Ferrets are energetic and ultra-active, which makes it sometimes easy to overlook the fact that they can be prone to serious health issues. As with any animal, outcomes for ferret health issues are best when identified and treated early, so be proactive in monitoring your ferret’s health and maintain a regular schedule of wellness checks with your ferret’s veterinarian.

Internal health conditions in ferrets can include adrenal gland disease, insulinoma, lymphoma, and dilated cadiomyopathy.

External health conditions in ferrets can include gastrointestinal obstruction, dental disease, and traumatic injuries.

Finding the Right Ferret Vet

Though not a happy topic of conversation, it is important to note that domesticated ferrets do run a higher risk of developing certain health conditions. As a result, it is incredibly important to ensure you have a trusted ferret-savvy veterinarian that you visit for routine wellness exams and preventative care.

Brown and white ferret eating kibble from a bowl
Ferret Food & Nutrition

As obligate carnivores, ferrets are unable to properly digest fruits, vegetables, and grains. As a result, they require a specialized high-protein, high-fat diet composed predominately of animal-based ingredients. To learn more about ferrets’ unique nutritional requirements read our ferret nutritional article.

Types of Ferret Food

Ferrets are carnivores that primarily eat a variety of small prey in the wild. When looking at commercial food options for your ferret, you will notice that most exist in a kibble form. Other forms of ferret food include raw and freeze-dried diets. 

Not all ferret foods are created equal, with some falling short of modeling the natural diet.  A high-quality ferret food should contain mostly animal-based ingredients that deliver high protein (>40%), high fat (at least 20%), and low fiber and carbohydrates (<5%).

No matter which type of ferret food you choose, it’s important to offer supplemental sources of protein.  Depending on what works with your budget and home setting, good options can include chicken, cooked eggs, raw meat, whole prey, and dehydrated organ meats.

What Can’t Ferrets Eat?

As obligate carnivores, ferrets are unable to properly digest several foods that are likely staples in your kitchen.

Foods that are not appropriate for ferrets include:

  • Fruits
  • Vegetables
  • Cereals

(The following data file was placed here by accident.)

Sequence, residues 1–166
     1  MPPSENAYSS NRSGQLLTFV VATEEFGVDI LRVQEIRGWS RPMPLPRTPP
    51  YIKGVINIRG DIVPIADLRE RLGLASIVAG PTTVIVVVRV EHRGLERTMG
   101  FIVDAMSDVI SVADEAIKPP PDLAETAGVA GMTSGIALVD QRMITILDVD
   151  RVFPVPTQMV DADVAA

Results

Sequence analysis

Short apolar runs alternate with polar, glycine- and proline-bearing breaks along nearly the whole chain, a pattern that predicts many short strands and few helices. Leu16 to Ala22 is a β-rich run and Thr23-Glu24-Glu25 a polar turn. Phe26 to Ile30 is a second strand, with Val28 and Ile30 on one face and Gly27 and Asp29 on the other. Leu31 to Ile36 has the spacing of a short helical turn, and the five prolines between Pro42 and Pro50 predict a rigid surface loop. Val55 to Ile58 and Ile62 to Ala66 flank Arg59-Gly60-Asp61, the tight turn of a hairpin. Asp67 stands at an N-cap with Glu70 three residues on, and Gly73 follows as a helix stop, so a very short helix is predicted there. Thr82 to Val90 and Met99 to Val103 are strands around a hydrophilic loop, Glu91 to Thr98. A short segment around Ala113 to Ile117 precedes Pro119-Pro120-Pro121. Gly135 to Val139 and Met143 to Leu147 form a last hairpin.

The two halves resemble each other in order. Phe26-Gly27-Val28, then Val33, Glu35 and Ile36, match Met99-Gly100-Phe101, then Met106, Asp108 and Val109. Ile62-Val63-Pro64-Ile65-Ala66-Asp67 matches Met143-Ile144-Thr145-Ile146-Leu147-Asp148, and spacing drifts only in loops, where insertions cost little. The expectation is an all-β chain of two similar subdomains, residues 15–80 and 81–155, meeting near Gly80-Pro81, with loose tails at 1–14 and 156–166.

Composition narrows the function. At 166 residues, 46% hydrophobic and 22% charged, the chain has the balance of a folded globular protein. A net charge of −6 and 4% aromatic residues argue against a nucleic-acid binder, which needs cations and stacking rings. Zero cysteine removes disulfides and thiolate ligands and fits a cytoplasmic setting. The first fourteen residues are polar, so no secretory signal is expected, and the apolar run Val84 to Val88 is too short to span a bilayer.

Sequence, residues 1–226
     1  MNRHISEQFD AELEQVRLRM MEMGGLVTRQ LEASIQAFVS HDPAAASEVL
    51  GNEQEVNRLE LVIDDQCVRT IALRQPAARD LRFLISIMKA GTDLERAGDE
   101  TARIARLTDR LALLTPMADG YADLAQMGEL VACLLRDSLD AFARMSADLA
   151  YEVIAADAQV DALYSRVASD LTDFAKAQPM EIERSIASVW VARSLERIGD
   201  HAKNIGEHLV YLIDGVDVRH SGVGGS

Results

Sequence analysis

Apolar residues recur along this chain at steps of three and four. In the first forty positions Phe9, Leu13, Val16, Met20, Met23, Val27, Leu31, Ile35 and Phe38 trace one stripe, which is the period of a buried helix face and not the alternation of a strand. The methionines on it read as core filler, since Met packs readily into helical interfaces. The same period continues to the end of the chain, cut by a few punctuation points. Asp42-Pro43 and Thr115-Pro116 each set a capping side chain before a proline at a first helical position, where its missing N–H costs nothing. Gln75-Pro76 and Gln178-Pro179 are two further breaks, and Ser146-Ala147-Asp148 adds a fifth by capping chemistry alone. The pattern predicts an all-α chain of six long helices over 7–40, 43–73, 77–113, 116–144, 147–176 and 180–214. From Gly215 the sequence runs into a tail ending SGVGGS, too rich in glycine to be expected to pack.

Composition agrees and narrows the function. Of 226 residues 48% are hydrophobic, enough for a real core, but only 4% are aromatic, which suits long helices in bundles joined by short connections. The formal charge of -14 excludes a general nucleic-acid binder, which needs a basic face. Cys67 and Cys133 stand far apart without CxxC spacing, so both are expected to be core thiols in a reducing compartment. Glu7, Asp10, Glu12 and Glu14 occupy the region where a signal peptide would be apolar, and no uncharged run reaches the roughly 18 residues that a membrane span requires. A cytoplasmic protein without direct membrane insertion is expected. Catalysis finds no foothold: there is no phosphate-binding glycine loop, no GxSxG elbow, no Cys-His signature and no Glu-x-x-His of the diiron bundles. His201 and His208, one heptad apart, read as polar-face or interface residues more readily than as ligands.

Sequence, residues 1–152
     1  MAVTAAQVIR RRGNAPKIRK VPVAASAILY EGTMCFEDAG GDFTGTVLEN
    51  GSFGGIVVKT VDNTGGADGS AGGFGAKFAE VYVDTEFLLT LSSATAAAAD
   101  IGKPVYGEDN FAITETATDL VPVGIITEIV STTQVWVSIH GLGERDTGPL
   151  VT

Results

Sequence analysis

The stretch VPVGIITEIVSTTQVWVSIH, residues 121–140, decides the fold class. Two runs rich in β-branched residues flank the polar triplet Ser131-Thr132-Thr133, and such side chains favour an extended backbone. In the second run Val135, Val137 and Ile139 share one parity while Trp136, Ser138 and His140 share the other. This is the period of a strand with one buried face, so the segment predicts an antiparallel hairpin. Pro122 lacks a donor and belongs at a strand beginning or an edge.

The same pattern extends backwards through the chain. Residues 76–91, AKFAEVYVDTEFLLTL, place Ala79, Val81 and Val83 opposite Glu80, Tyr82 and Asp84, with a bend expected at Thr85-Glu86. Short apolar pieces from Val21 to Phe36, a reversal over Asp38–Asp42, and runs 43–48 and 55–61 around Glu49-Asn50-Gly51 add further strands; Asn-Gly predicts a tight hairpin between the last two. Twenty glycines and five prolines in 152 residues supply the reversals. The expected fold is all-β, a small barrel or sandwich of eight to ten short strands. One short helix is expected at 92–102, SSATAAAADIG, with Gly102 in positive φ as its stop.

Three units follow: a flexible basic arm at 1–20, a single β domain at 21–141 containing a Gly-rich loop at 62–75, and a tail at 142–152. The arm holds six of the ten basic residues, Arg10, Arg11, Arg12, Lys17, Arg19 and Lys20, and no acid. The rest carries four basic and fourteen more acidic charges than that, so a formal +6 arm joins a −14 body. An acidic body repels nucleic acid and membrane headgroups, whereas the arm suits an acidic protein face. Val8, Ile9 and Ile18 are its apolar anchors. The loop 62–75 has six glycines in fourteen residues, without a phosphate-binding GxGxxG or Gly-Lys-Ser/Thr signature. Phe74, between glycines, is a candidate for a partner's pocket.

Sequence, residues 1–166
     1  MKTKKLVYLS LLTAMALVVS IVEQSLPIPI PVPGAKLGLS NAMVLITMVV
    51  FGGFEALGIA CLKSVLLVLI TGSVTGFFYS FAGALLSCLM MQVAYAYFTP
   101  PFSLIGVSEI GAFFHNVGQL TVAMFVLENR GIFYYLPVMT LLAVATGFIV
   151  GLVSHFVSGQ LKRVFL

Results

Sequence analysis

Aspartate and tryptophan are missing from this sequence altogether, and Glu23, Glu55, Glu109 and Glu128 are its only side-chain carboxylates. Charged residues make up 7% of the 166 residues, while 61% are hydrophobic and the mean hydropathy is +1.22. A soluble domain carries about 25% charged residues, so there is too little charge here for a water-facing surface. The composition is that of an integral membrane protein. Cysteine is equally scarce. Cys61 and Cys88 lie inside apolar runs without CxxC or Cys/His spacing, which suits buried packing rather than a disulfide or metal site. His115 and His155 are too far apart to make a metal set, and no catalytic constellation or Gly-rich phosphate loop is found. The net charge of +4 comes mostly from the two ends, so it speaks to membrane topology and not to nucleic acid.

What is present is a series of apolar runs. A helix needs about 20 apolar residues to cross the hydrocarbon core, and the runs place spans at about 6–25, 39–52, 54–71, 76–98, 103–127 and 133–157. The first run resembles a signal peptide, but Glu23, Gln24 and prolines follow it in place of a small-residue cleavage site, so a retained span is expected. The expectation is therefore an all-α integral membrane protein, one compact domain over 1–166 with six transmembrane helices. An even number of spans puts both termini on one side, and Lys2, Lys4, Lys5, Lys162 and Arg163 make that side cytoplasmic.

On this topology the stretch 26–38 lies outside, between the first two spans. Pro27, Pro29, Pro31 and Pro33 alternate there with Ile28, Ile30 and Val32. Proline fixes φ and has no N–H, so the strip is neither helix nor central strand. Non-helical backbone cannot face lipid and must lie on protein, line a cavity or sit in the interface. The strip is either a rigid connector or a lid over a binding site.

• Grains

Ferret Feeding Schedule

Thanks to their quick metabolism and short digestive tract, ferrets will typically need to eat every 3 to 4 hours. To account for this, it is recommended to have food available at all times. Most ferrets are good at self-regulating food intake and will only eat enough to meet their needs. Make sure that fresh, clean water is available at all times to keep your ferret hydrated.  

Brown and white ferret carrying toy bananas
Ferret Behavior

Ferrets are incredibly social animals and crave interactive attention from their human family members. Though ferrets have a reputation for being sleepy weasels, spending much of their days and nights slumbering, these crepuscular cuties are incredibly active in the morning and evening. A benefit of ferret’s natural circadian rhythm is the fact they’re generally awake and active during the same hours their humans are home.

Ferret Socialization

As with all species of pets, socialization of ferrets is easiest and most effective when they are young.  If your ferret is grown, however, the good news is that ferrets of all ages can be socialized. Proper socialization requires a commitment of time, energy, and patience, but the results are well worth it.  Socialized ferrets are less likely to be destructive or aggressive and will be more enjoyable members of your family unit.

Can Ferrets Live Alone?

Ferrets are very social animals by nature. Ferrets can live alone but will require more time and attention from their humans in this scenario to keep them entertained, mentally engaged, and not destructive.  Generally speaking, ferrets will be happier in pairs or groups.  Before making the commitment to add a second ferret to your home and introducing ferrets to each other, there are important steps to take to ensure a healthy, happy introduction for all parties.

Ferret Training

It should come as no surprise that ferrets can be successfully trained to engage in numerous fun and healthy activities.  After all, ferrets are incredibly intelligent and curious – two crucial factors for successful training.  Among many activities, ferrets can be trained not to bite, to come when called, to use a litterbox, to roll over, to stand up, and more!

Ferret Enrichment

Every ferret-friendly enclosure and secure play area should provide multiple sources of enrichment. While the hides and hammocks mentioned above are certainly enriching, providing access to various toys and activity centers will ensure your ferret’s instinctive inquisitorial behavior needs are properly met. 

Providing daily access to an enriching and carefully ferret-proofed environment will provide your slinky friend with a healthy outlet to simultaneously exercise their minds as well as their physiques. It is also important to ensure proper adult supervision any time ferrets are out and about to ensure their inherently meddlesome antics don’t result in an accident or injury.

Do Ferrets Bite?

Despite their close ancestral links to notoriously aggressive species like badgers and wolverines, the domesticated ferret species with whom we share our homes are not known to be biters. That said, young ferrets can be quite “mouthy” during play (like puppies and kittens) and may carry this playful chewing and biting into adulthood. As is true of any animal with teeth, ferrets may lash out and bite aggressively when startled, provoked, poorly socialized, or in pain. If a previously docile ferret suddenly shows aggressive behavior, it is always best to seek the counsel of a skilled exotics veterinarian.

Ferret playing with wooden toys.

Ready to Own Your First Ferret?

Now that you’ve learned more about our fabulous ferret friends, are you excited about the prospect of welcoming one of these wonderful weasels into your home? We can’t blame you! Before you take the leap into your forever ferret friendship, however, we encourage you to learn a little more about factors to consider before adopting a ferret.  Knowledge is power and we’re here to help you every step of the way!